Teachers and Family Literacy: Bridging Theory to Practice

By Patton, Mary Martin; Silva, Cecilia et al. | Journal of Teacher Education, March 1999 | Go to article overview

Teachers and Family Literacy: Bridging Theory to Practice


Patton, Mary Martin, Silva, Cecilia, Myers, Sandy, Journal of Teacher Education


In this article, we describe a family literacy experience created through collaboration with our university and a community agency. Working in teams, seniors and graduate students enrolled in the Early Childhood and the English as a Second Language (ESL) curriculum courses participated in weekly literacy experiences with refugee families. Student reflections reveal their fears, frustrations, joys, and new understandings from working with families struggling to make a life in the United States.

The university, a small private institution, is located in a large urban setting. The education majors are primarily middle-class, young, White women who attended private or suburban high schools with little diversity. Yet, many of them want to teach in this locale where the public schools serve ethnically and linguistically diverse students.

In creating the family literacy experience, we hoped to provide the students with a setting that allowed them to connect multicultural education and ESL theories with real-life situations. Although students in teacher preparation have many opportunities to study and apply concepts related to diversity, child-centered curriculum development, ESL strategies, and family involvement, several students' initial reactions indicated that this knowledge does not easily translate into an understanding of the interdependence and application of these concepts. One student wrote, At first, I can honestly say I was very negative about the project. I thought to myself, this is not a literacy class and 2 to 3 hours a week [tutoring a refugee family]--WHOA! Now I realize that I was creating curriculum each week.

Family Literacy and Teacher Preparation

Although many family literacy models exist, we found few programs linked to teacher preparation. When Liu (1996) had preservice teachers tutor in a family literacy program on the university campus, she noted they not only applied teaching strategies learned in their coursework, but also developed an acceptance and respect for diversity. Through close, frequent contacts the tutors recognized that parents cared very much about their children's education and eagerly wanted them to succeed in school (p. 71). An opportunity to develop appreciation and understanding of the rich resources families bring to the learning process is paramount to developing a view of families as assets to the schooling process. Working with families outside of school settings provides educators with a glimpse of the range of literacy experiences parents and children share on a daily basis. Without this understanding, teachers often assume that because the family does not speak English, they are not literate. Huss (1995) documented this lack of understanding and found that the teachers she interviewed thought that little happened outside of school related to in-school literacy learning. Her home visits, however, revealed that children were engaged in many literacy activities, including reading the Koran, writing in Urdu, and reading and writing in English. Similarly, Paratore (1995) noted that teachers continue to hold many false assumptions about the literacy experiences and attitudes toward learning in nonmainstream families (p. 51). She concluded that emerging research on family literacy indicates that when teachers accept families as authentic partners, parents provide a rich source of information for understanding individual children and planning the school curriculum.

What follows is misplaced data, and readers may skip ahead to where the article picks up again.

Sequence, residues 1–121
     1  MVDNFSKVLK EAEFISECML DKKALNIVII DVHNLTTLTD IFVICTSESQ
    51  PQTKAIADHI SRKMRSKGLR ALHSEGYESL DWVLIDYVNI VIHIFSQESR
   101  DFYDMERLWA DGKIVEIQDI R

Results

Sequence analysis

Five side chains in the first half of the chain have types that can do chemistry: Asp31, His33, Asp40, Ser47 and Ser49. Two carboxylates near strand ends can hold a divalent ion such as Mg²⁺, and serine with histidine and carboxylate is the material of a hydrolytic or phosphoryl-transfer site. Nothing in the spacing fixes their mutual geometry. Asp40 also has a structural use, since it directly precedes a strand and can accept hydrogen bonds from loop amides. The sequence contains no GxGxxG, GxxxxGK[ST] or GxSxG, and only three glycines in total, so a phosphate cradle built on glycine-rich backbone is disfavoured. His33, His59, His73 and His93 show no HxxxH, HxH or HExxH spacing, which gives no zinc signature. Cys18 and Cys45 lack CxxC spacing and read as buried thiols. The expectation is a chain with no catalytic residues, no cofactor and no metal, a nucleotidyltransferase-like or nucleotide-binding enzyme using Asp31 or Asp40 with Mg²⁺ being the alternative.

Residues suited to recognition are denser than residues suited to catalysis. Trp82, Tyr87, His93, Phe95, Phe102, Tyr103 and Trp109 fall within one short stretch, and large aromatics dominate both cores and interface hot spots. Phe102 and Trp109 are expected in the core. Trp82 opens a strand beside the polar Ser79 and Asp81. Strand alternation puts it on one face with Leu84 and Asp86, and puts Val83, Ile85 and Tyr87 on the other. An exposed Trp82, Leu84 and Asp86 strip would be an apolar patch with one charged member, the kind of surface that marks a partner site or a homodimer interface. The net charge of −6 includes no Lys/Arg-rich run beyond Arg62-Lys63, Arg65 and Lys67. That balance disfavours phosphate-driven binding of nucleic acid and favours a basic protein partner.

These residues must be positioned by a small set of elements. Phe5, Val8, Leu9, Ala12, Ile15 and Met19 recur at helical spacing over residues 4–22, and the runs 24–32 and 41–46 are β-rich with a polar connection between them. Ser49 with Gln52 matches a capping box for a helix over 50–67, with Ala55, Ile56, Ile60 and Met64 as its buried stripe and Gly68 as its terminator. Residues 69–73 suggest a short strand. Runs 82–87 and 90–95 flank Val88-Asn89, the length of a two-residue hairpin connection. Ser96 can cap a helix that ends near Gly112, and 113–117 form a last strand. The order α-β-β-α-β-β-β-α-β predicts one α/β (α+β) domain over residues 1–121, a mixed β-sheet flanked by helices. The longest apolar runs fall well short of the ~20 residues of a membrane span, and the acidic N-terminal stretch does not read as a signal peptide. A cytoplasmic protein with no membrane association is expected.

The overall objective for having our students participate in the family literacy experience was to better prepare them to work with culturally and linguistically diverse families. Our specific goal was to provide an opportunity to engage in the development of participatory curriculum with the emphasis on empowering participants to direct their own learning and use it for their own purposes (Auerbach, 1995). To this end, the students had to determine what the families wanted to learn and use this assessment as the vehicle to generate authentic, playful literacy learning rather than implementing a canned curriculum. …

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